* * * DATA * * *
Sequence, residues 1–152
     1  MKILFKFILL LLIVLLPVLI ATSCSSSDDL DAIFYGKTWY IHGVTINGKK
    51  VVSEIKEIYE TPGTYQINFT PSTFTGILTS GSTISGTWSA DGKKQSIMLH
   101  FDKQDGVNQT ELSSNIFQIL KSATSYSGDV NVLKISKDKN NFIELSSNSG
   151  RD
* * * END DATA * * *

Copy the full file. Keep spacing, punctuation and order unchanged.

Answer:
Sequence, residues 1–152
     1  MKILFKFILL LLIVLLPVLI ATSCSSSDDL DAIFYGKTWY IHGVTINGKK
    51  VVSEIKEIYE TPGTYQINFT PSTFTGILTS GSTISGTWSA DGKKQSIMLH
   101  FDKQDGVNQT ELSSNIFQIL KSATSYSGDV NVLKISKDKN NFIELSSNSG
   151  RD